The economy feels the tremors

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The economy feels the tremors

Security is not the only vulnerable spot in South Korea after the PyeongChang Winter Olympics. The Constitution defines a president’s duty as defending the lives of the people and enhancing their well-being. Solving the North Korean nuclear threat is obviously part of the South Korean president’s duty to protect the public. Less obvious is what he must do to defend his country against a global stock market meltdown, which would obviously have an effect on the well-being of the public. But the idea raises questions of whether the Blue House has the will or capability to fulfill President Moon Jae-in’s role as defined by the Constitution.

After U.S. stocks crashed last week, the White House issued a statement that President Donald Trump is focused on the country’s “long-term economic fundamentals, which remain exceptionally strong.” That was supposed to appease concerns in the market. It indicated the government would take action if losses extended beyond a normal correction. “We’re always concerned when the market loses any value, but we are also confident in the economy’s fundamentals,” a White House official said.

The Wall Street shockwave rocked domestic markets. The secondary Kosdaq saw its biggest losses in 11 years on Monday. The local bourse lost nearly 140 trillion won ($128.8 billion) — more than double the entire gains of this year — over the last three sessions. Foreigners sold off over 3 trillion won in Korean stocks. The local currency naturally plummeted. Yet the Blue House hardly took notice.

It may have misread the Wall Street-triggered equity crash. “The global equity bull run for nine years is coming to a stop to make way for a tightening stage,” said Cho Jae-min, chief executive of KB Asset Management. The latest meltdown is a “harbinger of a new market order,” he said. He stressed that the government should be prepared to draw up policies based on the most recent developments.

Local markets, which were inundated with easy money following the 2008 financial meltdown, were bound to undergo a correction once they entered a recovery phase. Yet the shift has come suddenly. What triggered it was the U.S. job data released last Friday. Wages increased by 2.9 percent, the biggest jump in a decade. Along with job additions, income increases will add inflationary pressure and accelerate monetary tightening by the U.S. Federal Reserve. The equity markets tumbled on worries about lower corporate profitability after interest rates rise. Coincidentally, a new chief for the Federal Reserve took office on Monday. The stage has been set for a period of monetary tightening to fend off inflation.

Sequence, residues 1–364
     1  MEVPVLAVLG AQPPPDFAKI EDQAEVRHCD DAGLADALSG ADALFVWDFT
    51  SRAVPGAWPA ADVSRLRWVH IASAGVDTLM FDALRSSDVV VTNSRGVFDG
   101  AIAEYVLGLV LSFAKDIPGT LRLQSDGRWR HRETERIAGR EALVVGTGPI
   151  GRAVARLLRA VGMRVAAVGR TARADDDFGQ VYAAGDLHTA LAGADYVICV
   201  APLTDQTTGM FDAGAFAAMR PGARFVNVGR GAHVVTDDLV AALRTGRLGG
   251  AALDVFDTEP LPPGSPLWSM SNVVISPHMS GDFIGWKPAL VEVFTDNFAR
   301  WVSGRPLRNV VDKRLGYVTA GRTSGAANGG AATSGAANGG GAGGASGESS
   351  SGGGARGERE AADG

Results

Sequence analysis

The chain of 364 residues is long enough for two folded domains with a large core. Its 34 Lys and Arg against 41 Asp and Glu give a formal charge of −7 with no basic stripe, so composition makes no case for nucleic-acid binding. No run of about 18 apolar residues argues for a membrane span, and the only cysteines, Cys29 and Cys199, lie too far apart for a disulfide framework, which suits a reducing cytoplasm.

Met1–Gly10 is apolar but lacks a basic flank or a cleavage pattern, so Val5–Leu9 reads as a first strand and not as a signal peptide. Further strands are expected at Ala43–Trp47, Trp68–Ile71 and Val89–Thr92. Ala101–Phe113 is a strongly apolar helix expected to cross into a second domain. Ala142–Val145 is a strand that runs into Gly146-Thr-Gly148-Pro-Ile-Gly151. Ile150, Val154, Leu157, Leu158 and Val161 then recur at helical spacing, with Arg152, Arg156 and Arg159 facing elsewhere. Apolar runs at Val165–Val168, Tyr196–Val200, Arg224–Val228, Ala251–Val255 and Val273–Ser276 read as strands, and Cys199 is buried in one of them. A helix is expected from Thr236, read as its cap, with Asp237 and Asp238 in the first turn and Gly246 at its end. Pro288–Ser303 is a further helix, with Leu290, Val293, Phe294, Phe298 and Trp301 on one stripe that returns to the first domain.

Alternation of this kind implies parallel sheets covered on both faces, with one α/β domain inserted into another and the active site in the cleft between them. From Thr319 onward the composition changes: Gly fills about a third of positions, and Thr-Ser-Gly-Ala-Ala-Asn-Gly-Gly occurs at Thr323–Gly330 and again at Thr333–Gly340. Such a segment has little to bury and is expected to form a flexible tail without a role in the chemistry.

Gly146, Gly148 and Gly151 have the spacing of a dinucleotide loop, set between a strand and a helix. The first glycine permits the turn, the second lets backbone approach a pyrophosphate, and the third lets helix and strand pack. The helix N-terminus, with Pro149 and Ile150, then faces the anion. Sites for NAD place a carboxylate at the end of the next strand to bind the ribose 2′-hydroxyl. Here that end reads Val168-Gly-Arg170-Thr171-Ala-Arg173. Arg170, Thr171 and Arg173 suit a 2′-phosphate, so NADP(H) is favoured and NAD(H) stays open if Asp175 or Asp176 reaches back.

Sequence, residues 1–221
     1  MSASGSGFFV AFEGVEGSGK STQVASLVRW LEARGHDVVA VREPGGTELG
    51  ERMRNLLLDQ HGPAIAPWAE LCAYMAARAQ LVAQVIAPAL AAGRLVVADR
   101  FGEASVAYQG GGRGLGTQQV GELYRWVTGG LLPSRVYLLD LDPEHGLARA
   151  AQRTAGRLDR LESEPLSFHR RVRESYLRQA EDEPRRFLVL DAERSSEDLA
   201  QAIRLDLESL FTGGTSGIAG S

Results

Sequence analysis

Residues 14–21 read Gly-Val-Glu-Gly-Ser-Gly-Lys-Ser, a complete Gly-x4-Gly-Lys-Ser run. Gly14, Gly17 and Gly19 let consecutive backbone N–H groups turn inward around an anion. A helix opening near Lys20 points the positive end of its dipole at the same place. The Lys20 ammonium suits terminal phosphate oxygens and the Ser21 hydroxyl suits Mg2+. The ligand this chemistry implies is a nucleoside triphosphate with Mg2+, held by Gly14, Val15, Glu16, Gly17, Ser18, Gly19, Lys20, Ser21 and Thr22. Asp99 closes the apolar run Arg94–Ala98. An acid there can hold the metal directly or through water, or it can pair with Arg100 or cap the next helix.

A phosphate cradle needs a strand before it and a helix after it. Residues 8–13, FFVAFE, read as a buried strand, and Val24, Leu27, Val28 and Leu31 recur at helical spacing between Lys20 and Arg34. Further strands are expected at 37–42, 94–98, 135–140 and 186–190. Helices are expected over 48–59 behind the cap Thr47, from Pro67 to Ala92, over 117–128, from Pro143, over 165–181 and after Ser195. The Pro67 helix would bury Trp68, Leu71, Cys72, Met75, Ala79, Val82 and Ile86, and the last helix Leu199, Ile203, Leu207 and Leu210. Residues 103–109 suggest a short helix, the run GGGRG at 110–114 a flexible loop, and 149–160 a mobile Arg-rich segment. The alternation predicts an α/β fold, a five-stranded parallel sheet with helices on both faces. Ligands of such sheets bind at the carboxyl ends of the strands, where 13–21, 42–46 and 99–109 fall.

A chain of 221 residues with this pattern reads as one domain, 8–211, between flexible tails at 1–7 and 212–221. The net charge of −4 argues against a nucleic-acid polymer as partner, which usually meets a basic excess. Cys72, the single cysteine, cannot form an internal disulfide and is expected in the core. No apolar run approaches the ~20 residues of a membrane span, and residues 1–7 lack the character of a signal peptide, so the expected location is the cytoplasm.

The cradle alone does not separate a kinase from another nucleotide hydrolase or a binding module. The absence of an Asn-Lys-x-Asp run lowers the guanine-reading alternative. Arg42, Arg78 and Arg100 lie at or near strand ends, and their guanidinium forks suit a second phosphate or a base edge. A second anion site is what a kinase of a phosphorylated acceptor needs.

The tightening tantrum, as we can call the recent panic, is just beginning to take its toll. The Federal Reserve may deliver periodical hikes through the year starting with an expected raise in March. Our monetary authorities may mimic the move. Inflationary pressure from higher wages would push the central bank to raise the interest rates and hurt the bottom line of Korea Inc. The government’s pushing up of the minimum wage will only aggravate the situation.

All of that spells trouble for our colossal household and national debt. Volatility in foreign exchanges and speculative funds could shake not only the capital markets, but also the economy. If geopolitical risks from North Korea escalate, the economy could face a crisis from flight of foreign capital and a nosedive in the value of the won. The damage may not end with some stock market losses this week.

Markets speak in numbers. The markets must be watched closely for a long time to understand their language. A good doctor wouldn’t miss the slightest symptoms in his patients. In addition to a careful eye, he must be capable of making timely and accurate prescriptions and treatment. The top economic aides and advisers — Moon’s policy chief, economic aides and senior secretary — are all from academia. They learned economics out of textbooks, not in the field itself.

A New York Times reporter said in a column that he has been looking at job data for 10 years, but the meaning of the numbers have been different every month. A good policy is only possible from reading the numbers correctly. The numbers tell where more money is needed or what corporate areas need to be deregulated to make more jobs.

The future of the Korean economy is already murky. There are no solutions to the damages caused by the minimum wage hike. The trade front has become more difficult due to heightened trade barriers in the United States and China. As the battlefields have gotten tougher, our horses have become weary. One misstep could cause soldiers to fall off their horses. Yet the commanders in the Blue House are leisurely fidgeting with books and theories.

JoongAng Ilbo, Feb. 8, Page 30

*The author is a columnist of the JoongAng Ilbo.

Yi Jung-jae
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